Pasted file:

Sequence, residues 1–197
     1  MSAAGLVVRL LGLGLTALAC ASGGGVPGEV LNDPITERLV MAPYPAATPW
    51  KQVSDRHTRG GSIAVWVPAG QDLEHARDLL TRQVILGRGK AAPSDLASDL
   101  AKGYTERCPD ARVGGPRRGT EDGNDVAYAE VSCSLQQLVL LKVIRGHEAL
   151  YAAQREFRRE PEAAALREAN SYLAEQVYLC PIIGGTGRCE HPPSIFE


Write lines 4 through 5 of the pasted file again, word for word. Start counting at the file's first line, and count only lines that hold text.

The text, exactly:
   101  AKGYTERCPD ARVGGPRRGT EDGNDVAYAE VSCSLQQLVL LKVIRGHEAL
   151  YAAQREFRRE PEAAALREAN SYLAEQVYLC PIIGGTGRCE HPPSIFE